COVID-19 ANTIBODY TESTING

The State of Arizona and The University of Arizona

University of Arizona Research Study – State of Arizona COVID-19 Antibody Testing Initiative FAQs

As part of a statewide research study, the University of Arizona is analyzing the blood samples of hundreds of thousands of Arizonans to determine who has developed antibodies against the virus that causes COVID-19. The State of Arizona is providing $3.5 million for the testing, which is available at more than two dozen locations across the state. The specific testing site for each participant will be selected during the registration process.

The following frequently asked questions provide additional information about the antibody testing program.

The tests, which are funded by the State of Arizona, are for health care workers, first responders and other employees across the state who are considered at high risk for exposure to the virus.

According to the State’s guidance, a health care worker is an individual licensed by any of the following organizations or employed in any of the following categories.

  • Arizona Medical Board
  • Board of Osteopathic Examiners
  • Board of Physician Assistants
  • Board of Nursing
  • Board of Pharmacy
  • Board of Respiratory Care
  • Board of Physical Therapy
  • Board of Radiologic Technologists
  • Dental Board
  • Nursing Care Institution
  • All Hospital Employees
  • Naturopathic Board
  • Homeopathic Board
  • Board of Podiatry
  • Board of Chiropractic Examiners
  • Board of Optometry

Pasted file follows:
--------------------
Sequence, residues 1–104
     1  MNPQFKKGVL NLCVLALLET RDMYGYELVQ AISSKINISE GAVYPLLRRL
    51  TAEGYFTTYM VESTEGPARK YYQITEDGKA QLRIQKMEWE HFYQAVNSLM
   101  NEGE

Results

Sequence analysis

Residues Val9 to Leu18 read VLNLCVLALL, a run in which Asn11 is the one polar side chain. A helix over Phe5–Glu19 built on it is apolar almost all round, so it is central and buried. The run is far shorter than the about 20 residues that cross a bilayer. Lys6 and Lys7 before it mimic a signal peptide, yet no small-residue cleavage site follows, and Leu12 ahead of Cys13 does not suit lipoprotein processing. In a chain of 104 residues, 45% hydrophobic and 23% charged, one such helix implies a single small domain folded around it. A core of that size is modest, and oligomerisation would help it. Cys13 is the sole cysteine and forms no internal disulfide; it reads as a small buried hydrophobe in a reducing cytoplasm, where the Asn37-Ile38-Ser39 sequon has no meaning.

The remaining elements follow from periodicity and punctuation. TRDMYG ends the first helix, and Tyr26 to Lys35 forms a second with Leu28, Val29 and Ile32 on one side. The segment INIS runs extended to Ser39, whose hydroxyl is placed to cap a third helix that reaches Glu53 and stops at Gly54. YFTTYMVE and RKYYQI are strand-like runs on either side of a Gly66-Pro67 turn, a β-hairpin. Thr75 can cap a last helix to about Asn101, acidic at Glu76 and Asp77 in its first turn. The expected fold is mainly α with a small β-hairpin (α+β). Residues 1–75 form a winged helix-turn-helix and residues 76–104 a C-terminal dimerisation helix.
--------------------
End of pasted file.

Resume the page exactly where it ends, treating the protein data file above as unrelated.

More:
• Board of Occupational Therapy Examiners
  • Board of Acupuncture
  • Board of Massage Therapy
  • Midwives (DHS)
  • Board of Dispensing Opticians
  • Board of Psychologists
  • Board of Behavioral Health Examiners
  • Hearing Aid Dispensers
  • Speech and Hearing

A first responder or other employee at high risk for exposure is any of the following:

  • Public Safety Officer
  • Firefighter
  • EMT
  • Arizona Department of Corrections Officer
  • Arizona Department of Juvenile Corrections Officer
  • Arizona Department of Child Safety Employee
  • Education Workers (pre-K – grade 20 teachers, faculty, adjunct faculty, cooperative extension specialists, graduate teaching assistants, administration, staff, and any other employees of an educational institution)
  • Food Service Workers (grocery stores, agriculture, food preparation and service)
  • Hospitality Workers (hotel, etc.)
  • Public and Other Transportation Services (bus, taxi, Uber/Lyft, etc.)
  • Solid Waste Collection Workers
  • Warehouse and Delivery Workers
  • Utilities (energy, water, waste water)
  • Government and Community-Based Services
  • Childcare Workers
  • Group Homes, Day Programs, Disability Programs
  • Information Technology Professionals
  • Environmental Services, Facilities Management Workers
  • Frontline Financial Workers (bank tellers, etc.)
  • Journalists
  • National Guard

An antibody is a protein made by immune cells that attaches to viruses, bacteria and fungi. There are four broad types of antibodies: IgM, IgG, IgA and IgE. The University of Arizona test measures total antibodies and does not distinguish between these four antibody types.

These types of blood tests detect whether your immune system has made proteins called antibodies. This test is for antibodies that attach to the coronavirus that causes COVID-19.